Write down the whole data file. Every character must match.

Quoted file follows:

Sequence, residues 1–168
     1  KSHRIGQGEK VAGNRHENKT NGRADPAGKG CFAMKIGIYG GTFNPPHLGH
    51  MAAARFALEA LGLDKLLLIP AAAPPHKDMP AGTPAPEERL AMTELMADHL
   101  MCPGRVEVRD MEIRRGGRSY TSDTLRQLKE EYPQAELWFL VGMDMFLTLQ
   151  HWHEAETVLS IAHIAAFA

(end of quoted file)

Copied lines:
Sequence, residues 1–168
     1  KSHRIGQGEK VAGNRHENKT NGRADPAGKG CFAMKIGIYG GTFNPPHLGH
    51  MAAARFALEA LGLDKLLLIP AAAPPHKDMP AGTPAPEERL AMTELMADHL
   101  MCPGRVEVRD MEIRRGGRSY TSDTLRQLKE EYPQAELWFL VGMDMFLTLQ
   151  HWHEAETVLS IAHIAAFA